This is yet another case of Styloid compression causing Cerebral Venous Sinus clotting. This article is recent one ( Feb 2022) and comes from Korean Neurological Association regarding a 47 year old man who came down with severe headache and came to the emergency. It seems that the prevalence of clotting induced by vascular ES might be under reported. I posted an article of 36 year old case in an earlier article (shown below).
So after all, it is well known that Jugular Vein Stenosis (regardless of the cause - muscle, bone, tumor…etc) puts you at risk of clotting as previous study (Nonthrombotic internal jugular venous stenosis may facilitate cerebral venous thrombosis - PMC) has found. I also know that a number of our community here suffer from clotting along with vascular ES so this is yet another confirmation that compression does put you at higher risk of cerebral venous sinus clotting. The mechanism behind venous clot formation according to literature are not well understood but are associated with Virchow Triad namely, Static blood flow, Endothelial Injury (Vessel wall Injury) and Hyper-coagulability (Pregnancy/Malignancy/Genetic predisposition to clotting). I think the first 2 can be attributed to Styloid compression as it can cause blood to backup ( Static blood flow) and Vessel wall injury (Endothelial Injury) by a repeated bone compression.
Cerebral venous sinus thrombosis is a rare form of cerebrovascular disease, accounting for only about 0.5-1% of all strokes. Cerebral venous sinus thrombosis can show a variety of clinical symptoms, including headache, which is the most common symptom reported in more than 90% of all patients, convulsions, focal neurological deficit, change of consciousness, and optic disc edema. etc. In addition, a wide variety of causes and various antecedent factors are known. Among them, there are coagulopathy-related diseases in which thrombus can form well and drugs including oral contraceptives, pregnancy and late childbirth, and in addition to cancer , parameningeal infection, trauma, and surgery. However, it is known that the cause is unknown in about 12.5% of all patients, so it may be difficult to differentiate the cause of the disease and determine the treatment policy accordingly [ 1 ]. The authors reported that the styloidogenic jugular venous compression syndrome is caused by compression of the internal jugular vein between the styloid process and the transverse process of the first cervical vertebra. We experienced a very rare case of cerebral venous sinus thrombosis and would like to report it.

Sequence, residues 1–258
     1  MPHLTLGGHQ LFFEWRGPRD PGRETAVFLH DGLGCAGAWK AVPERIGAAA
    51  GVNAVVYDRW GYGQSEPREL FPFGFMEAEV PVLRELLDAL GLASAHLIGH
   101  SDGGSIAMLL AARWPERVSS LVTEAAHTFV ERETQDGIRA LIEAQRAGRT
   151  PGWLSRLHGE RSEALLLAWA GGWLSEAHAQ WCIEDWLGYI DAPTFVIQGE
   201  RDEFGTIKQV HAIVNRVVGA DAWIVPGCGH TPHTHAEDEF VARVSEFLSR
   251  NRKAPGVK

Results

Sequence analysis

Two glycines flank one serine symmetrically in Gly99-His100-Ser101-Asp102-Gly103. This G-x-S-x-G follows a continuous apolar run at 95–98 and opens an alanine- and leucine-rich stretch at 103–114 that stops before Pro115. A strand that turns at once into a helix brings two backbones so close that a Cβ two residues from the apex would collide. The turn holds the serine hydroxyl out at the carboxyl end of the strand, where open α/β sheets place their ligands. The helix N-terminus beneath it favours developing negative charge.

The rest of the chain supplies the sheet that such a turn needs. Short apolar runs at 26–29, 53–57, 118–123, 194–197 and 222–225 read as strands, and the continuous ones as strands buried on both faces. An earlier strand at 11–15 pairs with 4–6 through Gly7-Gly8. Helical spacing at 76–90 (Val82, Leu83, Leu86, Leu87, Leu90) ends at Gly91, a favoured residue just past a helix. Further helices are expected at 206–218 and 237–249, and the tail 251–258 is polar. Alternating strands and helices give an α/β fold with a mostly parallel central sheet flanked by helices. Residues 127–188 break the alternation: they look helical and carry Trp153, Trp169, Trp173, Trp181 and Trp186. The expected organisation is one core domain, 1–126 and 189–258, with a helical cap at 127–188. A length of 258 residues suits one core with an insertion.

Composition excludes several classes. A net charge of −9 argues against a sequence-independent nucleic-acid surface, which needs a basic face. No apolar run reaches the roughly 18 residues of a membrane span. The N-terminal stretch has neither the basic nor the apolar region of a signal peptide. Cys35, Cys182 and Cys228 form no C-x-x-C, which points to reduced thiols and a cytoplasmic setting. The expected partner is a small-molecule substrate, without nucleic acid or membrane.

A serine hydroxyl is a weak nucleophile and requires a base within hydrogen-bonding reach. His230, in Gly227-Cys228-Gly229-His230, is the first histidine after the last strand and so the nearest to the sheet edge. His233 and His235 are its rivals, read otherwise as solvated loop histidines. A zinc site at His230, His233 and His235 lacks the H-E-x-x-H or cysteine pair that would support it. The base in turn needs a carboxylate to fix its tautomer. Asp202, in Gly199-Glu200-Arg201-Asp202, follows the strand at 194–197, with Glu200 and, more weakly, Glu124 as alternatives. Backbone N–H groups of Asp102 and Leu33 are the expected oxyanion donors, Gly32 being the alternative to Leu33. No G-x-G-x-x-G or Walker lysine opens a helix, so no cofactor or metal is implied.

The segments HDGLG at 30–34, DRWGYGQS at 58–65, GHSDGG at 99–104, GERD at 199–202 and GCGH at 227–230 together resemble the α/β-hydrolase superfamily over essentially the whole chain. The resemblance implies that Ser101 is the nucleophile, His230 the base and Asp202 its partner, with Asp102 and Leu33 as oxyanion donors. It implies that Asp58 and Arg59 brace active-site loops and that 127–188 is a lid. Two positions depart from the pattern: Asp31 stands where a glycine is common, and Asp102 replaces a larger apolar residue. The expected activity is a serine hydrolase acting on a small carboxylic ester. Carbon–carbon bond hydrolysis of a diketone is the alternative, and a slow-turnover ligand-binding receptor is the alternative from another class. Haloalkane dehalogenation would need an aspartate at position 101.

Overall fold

NOTE: The study might be in Korean but you can translate it into any language.